Upon being selected by the Phillies 39th overall in the 2011 amateur draft, outfielder Larry Greene Jr. was often praised for his outstanding power potential. However, after a sluggish start to his pro career, there’s some doubt surrounding the young slugger.
Prior to being drafted, in his senior year of high school, the lefty batting Greene became an All-American, posting a .536 average in 30 games with 11 doubles, 19 home runs and 52 RBI while drawing 37 walks. Expectations on the baseball diamond were high and Greene turned down offers to play college football and baseball, electing to sign with the Phillies following the draft.
In his first full season of pro ball in 2012, Greene played with short-season Class A Williamsport where he posted a promising .270 average with 22 doubles and 26 RBI in 70 contests. Williamsport’s home park, Bowman Field, is notoriously difficult on hitters, so the lack of power numbers was not concerning even for a guy who had developed a reputation for being a big time power hitter.
Moving forward, Greene’s 2013 season was rough to say the least. Billed at six feet tall and weighing 235 pounds, the youngster reported to spring training out of shape and was held back at extended spring training when the regular season began. Greene had become a new father and indicated in one interview with me that perhaps enjoying fatherhood during the winter months had gotten a bit in the way of staying fit.
After shedding some pounds throughout the exhibition season, Greene was assigned to Class A Lakewood, where he struggled quite a bit. In 34 games combined during April and May, Greene batted .178 with five doubles and 13 RBI. Through the remainder of the season, Greene improved his offensive output, sporting a .227 average with 17 doubles, a triple and four homers in 77 games.
While Greene can be selective and draw walks, his focus on being aggressive at the plate, and possibly trying to live up to his reputation of being a masher, resulted in his strike out rate shooting way up last year (35.7%) over his figure the previous year in the New York-Penn League (25.7%).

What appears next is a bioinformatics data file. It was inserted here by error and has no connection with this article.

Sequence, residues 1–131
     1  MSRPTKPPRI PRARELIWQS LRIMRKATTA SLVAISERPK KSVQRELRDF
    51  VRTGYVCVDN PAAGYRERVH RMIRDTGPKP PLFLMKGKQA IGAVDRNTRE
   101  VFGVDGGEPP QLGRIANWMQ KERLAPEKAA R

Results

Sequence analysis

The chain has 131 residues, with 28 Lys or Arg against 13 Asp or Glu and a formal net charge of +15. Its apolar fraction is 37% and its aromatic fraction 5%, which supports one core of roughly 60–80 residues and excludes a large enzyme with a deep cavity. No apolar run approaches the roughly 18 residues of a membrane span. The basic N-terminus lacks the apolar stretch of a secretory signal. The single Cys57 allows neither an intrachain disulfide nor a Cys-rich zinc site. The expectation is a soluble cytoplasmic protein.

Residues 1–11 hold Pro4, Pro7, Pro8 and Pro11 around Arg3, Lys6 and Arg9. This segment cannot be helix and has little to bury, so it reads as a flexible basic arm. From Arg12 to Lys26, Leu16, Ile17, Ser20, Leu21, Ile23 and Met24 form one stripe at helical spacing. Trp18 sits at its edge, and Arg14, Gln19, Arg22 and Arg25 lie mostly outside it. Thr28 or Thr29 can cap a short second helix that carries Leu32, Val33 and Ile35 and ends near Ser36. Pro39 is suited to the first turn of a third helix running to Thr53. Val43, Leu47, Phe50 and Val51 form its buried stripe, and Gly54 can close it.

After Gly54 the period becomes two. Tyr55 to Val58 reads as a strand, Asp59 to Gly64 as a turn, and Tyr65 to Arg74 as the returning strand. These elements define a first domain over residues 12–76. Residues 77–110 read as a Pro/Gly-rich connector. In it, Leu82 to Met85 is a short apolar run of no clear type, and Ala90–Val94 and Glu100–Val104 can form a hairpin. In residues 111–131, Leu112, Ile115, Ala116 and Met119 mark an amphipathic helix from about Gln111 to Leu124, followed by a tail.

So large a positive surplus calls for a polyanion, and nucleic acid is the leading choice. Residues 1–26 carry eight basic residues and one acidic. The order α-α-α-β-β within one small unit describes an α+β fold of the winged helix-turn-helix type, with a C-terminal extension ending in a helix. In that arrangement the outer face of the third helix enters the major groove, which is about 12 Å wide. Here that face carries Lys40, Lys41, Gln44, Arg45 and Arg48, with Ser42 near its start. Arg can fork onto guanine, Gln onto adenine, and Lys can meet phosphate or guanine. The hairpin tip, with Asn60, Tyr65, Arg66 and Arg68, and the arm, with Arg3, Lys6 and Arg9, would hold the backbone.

The Phillies brass still very much believes in Greene, who they feel will develop the power that the 20-year-old still regularly displayed in batting practice, even at pitcher-friendly venues like Lakewood’s FirstEnergy Park. His quick bat and uppercut swing project very positively from the left side.
This off-season, Greene participated in the Fall Instructional League and attended the Phillies’ Dominican baseball academy in November. Getting extra time on the field with additional instructors and coaches overseeing his every move will certainly be beneficial to a prospect with the kind of expectations that earned him a $1 million signing bonus.
With his legs, Greene is certainly quicker than he appears. With major league average speed getting to first base out of the box, Greene could develop into a guy that can help his team on the bases with the right instincts, going first-to-third and things like that.
Defensively, Greene is a pretty good left fielder and has some quality range. The Phillies are excited about the ceiling he has in the outfield, already seeing the right development relating to his reaction time on batted balls and improving on his ability to nail runners on the bases.
Sporting a very solid BABIP of .357 along with that concerning strike out rate, in his two minor league seasons, the focus for Greene has to be making more contact this year. The Georgia native, who will turn 21 years old by the start of spring training, is likely best suited to begin his 2014 campaign back with the Class A BlueClaws in order to build his confidence and show that he can handle that level.